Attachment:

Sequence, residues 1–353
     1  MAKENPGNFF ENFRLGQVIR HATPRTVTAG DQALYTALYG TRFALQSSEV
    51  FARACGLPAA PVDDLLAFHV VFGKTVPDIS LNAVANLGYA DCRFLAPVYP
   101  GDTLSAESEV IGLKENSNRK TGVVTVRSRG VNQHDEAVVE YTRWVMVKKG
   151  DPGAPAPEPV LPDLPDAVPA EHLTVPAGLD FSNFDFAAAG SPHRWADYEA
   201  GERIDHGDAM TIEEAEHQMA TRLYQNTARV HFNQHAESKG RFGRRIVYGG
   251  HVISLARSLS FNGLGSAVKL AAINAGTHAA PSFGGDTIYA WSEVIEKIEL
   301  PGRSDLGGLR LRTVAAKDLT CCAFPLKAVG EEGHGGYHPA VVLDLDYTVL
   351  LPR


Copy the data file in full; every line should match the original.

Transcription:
Sequence, residues 1–353
     1  MAKENPGNFF ENFRLGQVIR HATPRTVTAG DQALYTALYG TRFALQSSEV
    51  FARACGLPAA PVDDLLAFHV VFGKTVPDIS LNAVANLGYA DCRFLAPVYP
   101  GDTLSAESEV IGLKENSNRK TGVVTVRSRG VNQHDEAVVE YTRWVMVKKG
   151  DPGAPAPEPV LPDLPDAVPA EHLTVPAGLD FSNFDFAAAG SPHRWADYEA
   201  GERIDHGDAM TIEEAEHQMA TRLYQNTARV HFNQHAESKG RFGRRIVYGG
   251  HVISLARSLS FNGLGSAVKL AAINAGTHAA PSFGGDTIYA WSEVIEKIEL
   301  PGRSDLGGLR LRTVAAKDLT CCAFPLKAVG EEGHGGYHPA VVLDLDYTVL
   351  LPR